Kappa Alpha Psi Fraternity is a historically African American fraternity. Since the fraternity’s founding on January 5, 1911 at Indiana University Bloomington, the fraternity has never restricted membership on the basis of color, creed or national origin though membership traditionally is dominated by those of African heritage. The fraternity has over 160,000 members with 721 undergraduate and alumni chapters in every state of the United States, and international chapters in the United Kingdom, Germany, South Korea, Japan, United States Virgin Islands, Nigeria, South Africa, and The Bahamas.
The president of the national fraternity is known as the Grand Polemarch, who assigns a Province Polemarch for each of the twelve provinces (regions) of the nation. The fraternity has many notable members recognized as leaders in the arts, athletics, business, Civil Rights, education, government, and science sectors at the local, national and international level. The Kappa Alpha Psi Journal has been the official magazine of the fraternity since 1914. The Journal is published four times a year in February, April, October and December. Frank M. Summers was the magazine’s first editor and later became the Fourteenth Grand Polemarch. The former editor of the magazine was Jonathan Hicks. The current editor of the magazine is Earl T. Tildon.
Motto: “Achievement in Every Field of Human Endeavor”
Founded: January 5, 1911, Indiana University Bloomington, Bloomington, IN
Headquarters: Philadelphia, PA
Colors: Crimson; Cream
Member number: 150,000+ members
The fraternity was founded as Kappa Alpha Nu on the night of January 5, 1911, by ten African-American college students. The decision upon the name Kappa Alpha Nu may have been to honor the Alpha Kappa Nu club which began in 1903 on the Indiana University campus but had too few registrants to effect continued operation. The organization known today as Kappa Alpha Psi was nationally incorporated under the name of Kappa Alpha Nu on May 15, 1911. The name of the organization was changed to its current name in 1915, shortly after its creation. The fraternity is unique among NPHC affiliated organizations in that it has two names: Kappa Alpha Psi (ΚΑΨ) and Phi Nu Pi (ΦΝΠ). This second name is the source of the nickname for members, “Nupes”.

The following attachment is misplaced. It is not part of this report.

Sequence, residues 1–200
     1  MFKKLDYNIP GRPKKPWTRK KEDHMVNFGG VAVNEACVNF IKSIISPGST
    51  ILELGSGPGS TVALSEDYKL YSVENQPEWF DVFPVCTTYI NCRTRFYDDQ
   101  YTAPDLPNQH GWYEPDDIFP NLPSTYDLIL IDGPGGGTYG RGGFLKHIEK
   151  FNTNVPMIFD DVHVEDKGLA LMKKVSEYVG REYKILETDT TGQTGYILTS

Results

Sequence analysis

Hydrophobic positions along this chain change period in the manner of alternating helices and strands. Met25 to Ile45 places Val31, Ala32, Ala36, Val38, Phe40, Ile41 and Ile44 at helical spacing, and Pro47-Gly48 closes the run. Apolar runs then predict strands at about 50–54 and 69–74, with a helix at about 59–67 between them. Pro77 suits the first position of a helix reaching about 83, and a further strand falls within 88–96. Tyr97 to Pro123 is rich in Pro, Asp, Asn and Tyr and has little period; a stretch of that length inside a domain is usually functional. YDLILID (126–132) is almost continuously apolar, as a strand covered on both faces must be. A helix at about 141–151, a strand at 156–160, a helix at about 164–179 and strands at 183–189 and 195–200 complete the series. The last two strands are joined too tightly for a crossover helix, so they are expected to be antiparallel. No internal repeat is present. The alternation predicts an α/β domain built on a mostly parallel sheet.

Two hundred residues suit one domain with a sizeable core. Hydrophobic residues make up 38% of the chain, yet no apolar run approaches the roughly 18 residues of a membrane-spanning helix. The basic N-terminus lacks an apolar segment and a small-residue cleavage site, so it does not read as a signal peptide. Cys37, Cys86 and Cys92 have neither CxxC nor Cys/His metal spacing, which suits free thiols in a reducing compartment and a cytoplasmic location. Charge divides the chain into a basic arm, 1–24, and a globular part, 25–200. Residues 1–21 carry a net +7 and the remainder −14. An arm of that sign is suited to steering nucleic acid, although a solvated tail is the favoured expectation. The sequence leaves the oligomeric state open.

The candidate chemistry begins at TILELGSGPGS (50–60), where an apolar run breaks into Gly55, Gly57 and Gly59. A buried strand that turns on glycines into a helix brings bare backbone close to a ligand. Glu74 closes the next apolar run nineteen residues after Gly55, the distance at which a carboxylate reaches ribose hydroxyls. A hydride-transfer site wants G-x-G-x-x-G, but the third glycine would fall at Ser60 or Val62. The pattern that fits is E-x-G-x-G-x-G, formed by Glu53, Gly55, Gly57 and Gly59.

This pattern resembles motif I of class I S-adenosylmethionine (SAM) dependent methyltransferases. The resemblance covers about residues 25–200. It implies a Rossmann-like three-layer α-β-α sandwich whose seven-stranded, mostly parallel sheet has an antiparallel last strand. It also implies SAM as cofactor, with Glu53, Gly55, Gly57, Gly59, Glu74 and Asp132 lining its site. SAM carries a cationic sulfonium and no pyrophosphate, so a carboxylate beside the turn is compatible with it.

The Kappa “Kane”
In the 1950s, as black Greek-letter organizations began the tradition of step shows, the fraternity began using the “Kappa Kane” in what it termed “cane stepping”. The kappa canes were longer in the 1950s than in later decades. In the early 1960s, the cane was decorated with the fraternity colors. In the 1970s the cane was shortened so brothers could “twirl” and tap the cane in the choreography with high dexterity
Guide Right is a program for the educational and occupational guidance of youth, primarily inspirational and informational in character. Its reach extends to high schools and colleges alike. In the latter, giving due attention to the needs of undergraduate Brothers.
The Kappa League is a series of activities designed to help young high school male students develop their leadership talents. The activities provide both challenging and rewarding experiences to enhance their lives. The goal of the League is to help the students achieve worthy goals for themselves and to make meaningful contributions to their communities.
Student of the Year Competition
The Student of the Year Competition is a contest that encompasses six areas deemed critical to a successful life – scholarship, talent, community involvement, poise and appearance, career preparation, and model chapter operation. Each Province sponsors a pageant during its council. In the year of a Grand Chapter Meeting, the Province winners compete at the Grand Chapter Meeting.
Kappa Alpha Psi Foundation
The “Kappa Alpha Psi Foundation” established in 1981, is the philanthropic arm of the fraternity and assists both alumni and undergraduate chapters in support of scholarships, after-school programs, and national projects such as Habitat for Humanity.
The NPHC is composed of nine international black Greek-letter sororities and fraternities and promotes interaction through forums, meetings, and other mediums for the exchange of information, and engages in cooperative programming and initiatives through various activities and functions.
The NIC serves to advocate the needs of its member fraternities through enrichment of the fraternity experience, advancement and growth of the fraternity community, and enhancement of the educational mission of the host institutions.
In 1921, the Fraternity was divided into districts as a result of proposed legislation by George F. David II, the third Grand Polemarch. David was first Grand Polemarch who had not been nurtured by the Alpha chapter under the influence of the Founders, proposed dividing the Fraternity into supervisory districts. The idea originated with his father who was a Presiding Elder of the A.M.E. Church. Grand Polemarch David II, implemented the division of the Fraternity into three districts.
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